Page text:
The Denali luxury package for GMC’s 2015 Terrain is like the cherry on top of a sundae. You don’t need it but it adds a tasty touch.
Lesser model Terrains are nice enough, but the Denali gets exclusive wheels, a chrome grille, a smoother ride, black leather on the seats and door inserts and a sunroof. The Denali starts at $36,415 for front-wheel drive or $38,165 for all-wheel drive.
Folks concerned with fuel economy probably will choose the standard powertrain, a 2.4-liter, 182-horsepower four-cylinder with a mileage rating of 22 miles per gallon in the city and 32 on the highway for front-wheel drive and 20 mpg in the city and 29 on the highway for all-wheel drive. You give up a little around-town zip for better mileage.
On the other hand, the optional 3.6-liter V-6, with 301 horsepower, is more satisfying in terms of performance and towing. Fuel economy drops some, of course. This engine is rated at 17 mpg in the city and 24 on the highway for front-wheel drive and 16 mpg in the city and 23 on the highway for all-wheel drive.
Digital Access For Only $0.99
For the most comprehensive local coverage, subscribe today.
Settling into the Denali’s interior is reasonably pleasant. The leather seats are comfortable and have a good feel. The test vehicle’s instrument panel had mahogany wood accents. Red ambient lighting highlights the console and cup holders.
The fit, finish and quality of materials are on par with most vehicles in the compact crossover class. Wind and road noise are managed well. The steering wheel has controls for cruise and audio. The rotary knobs can be rolled with a thumb and are a breeze to operate.
Rear-seat legroom is generous, thanks to the back seat that can be moved backward and forward 8 inches. Put it forward, and it is easy for front-seat passengers to reach an infant in a child seat. Put it back, and rear-seat passengers have more room.
Because so many buyers have smartphones and want to stay connected all the time, the Terrain, as well as many of GM’s 2015 products, has a built-in Wi-Fi hotspot via OnStar’s 4G LTE connection. The vehicle becomes a mobile hotspot that is on whenever the vehicle is on. It comes with a three-month/three-gigabyte data trial. After the free trial, consult OnStar because there are several data plans, and the price for OnStar subscribers ranges from $5 a month to $50 a month depending on the amount of data used. GMC says that AT&T subscribers can add their vehicle to a mobile share plan for $10 per month.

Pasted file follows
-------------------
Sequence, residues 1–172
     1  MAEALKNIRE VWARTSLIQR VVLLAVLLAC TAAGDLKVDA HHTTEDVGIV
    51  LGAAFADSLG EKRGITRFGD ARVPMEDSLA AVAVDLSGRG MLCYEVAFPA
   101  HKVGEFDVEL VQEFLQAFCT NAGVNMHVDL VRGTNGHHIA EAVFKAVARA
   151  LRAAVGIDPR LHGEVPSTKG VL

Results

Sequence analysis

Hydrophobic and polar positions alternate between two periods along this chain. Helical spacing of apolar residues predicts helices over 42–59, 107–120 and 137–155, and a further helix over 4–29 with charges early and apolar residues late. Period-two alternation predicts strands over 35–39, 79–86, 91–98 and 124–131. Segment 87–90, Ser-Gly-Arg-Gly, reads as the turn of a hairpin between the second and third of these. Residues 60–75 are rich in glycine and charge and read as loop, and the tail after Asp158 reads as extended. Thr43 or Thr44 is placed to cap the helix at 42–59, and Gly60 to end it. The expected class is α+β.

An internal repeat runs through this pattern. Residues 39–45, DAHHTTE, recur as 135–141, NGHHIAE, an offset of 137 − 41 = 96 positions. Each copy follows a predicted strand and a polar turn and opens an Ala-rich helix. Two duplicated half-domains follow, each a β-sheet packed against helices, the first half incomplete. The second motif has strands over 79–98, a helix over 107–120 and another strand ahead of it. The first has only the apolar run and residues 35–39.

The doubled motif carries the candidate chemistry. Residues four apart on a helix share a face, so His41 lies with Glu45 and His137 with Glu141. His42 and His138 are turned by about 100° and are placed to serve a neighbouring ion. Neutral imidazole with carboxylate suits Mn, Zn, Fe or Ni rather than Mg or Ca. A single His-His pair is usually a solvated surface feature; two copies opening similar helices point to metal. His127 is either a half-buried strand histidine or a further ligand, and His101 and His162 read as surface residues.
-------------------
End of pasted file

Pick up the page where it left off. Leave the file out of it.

GMC’s media information says that the IntelliLink system “extends the OnStar experience from safety and security to information and entertainment by seamlessly integrating the capability of a smartphone into the vehicle so that hand-held phones may be safely stowed while driving.”
“With Text Messaging Alerts, the driver can be alerted to new messages and can have them read aloud, view and respond to them (functionality depends on the smartphone). Siri Eyes Free enables iPhone4S and iPhone 5 users to access Siri via the steering wheel controls and check calendar entries, have text messages read and respond to them, place calls or call up music.”
If all of this keeps drivers from texting while driving, so much the better but I am concerned that even voice-controlled phone use can still be a distraction.
Voice commands may be used to initiate phone calls, pick radio stations or stream music from smartphones. Music can be played from flash memory devices through a USB connection. Pandora and Stitcher SmartRadio are also available.
Storage bins are numerous, including one atop the center stack and one under the center armrest that is large enough for a laptop computer. There are four power outlets.
One drawback is that the rear cargo area is a bit narrow, and the low roof means some large items, such as a bicycle, may not fit easily.
Active noise cancellation uses an in-cabin microphone that detects unwanted engine sounds and sends counteracting sound waves through the audio speakers. This kind of attention to minor details makes the Terrain feel expensive.
The test vehicle was an all-wheel drive Denali. Base price was $38,165. Options included the 3.6-liter V-6, rear seat entertainment center, cargo net, navigation with IntelliLink and the trailering package. The sticker price was $43,505.
Three years or 36,000 miles with a five-year, 100,000-mile powertrain warranty. Scheduled maintenance is free for two years or 24,000 miles.
Tom Strongman’s email is firstname.lastname@example.org
2015 GMC Terrain Denali AWD
Engine: 3.6-liter, 301-horsepower V-6
Transmission: Six-speed automatic, all-wheel drive
Wheelbase: 112.5 inches
Curb weight: 4,204 pounds
Base prices: $38,165
As driven: $43,505
MPG rating: 16 in the city, 23 on the highway
At A Glance
Point: The Denali version of the Terrain has a nicer interior and a few exterior tweaks. The optional V-6 delivers solid performance, and all-wheel drive is the best choice for winter climes. The back seat can be moved fore and aft as needs determine.
Counterpoint: Fuel economy is not great but on par with others in this segment. The narrowness of the rear cargo area limits what will fit.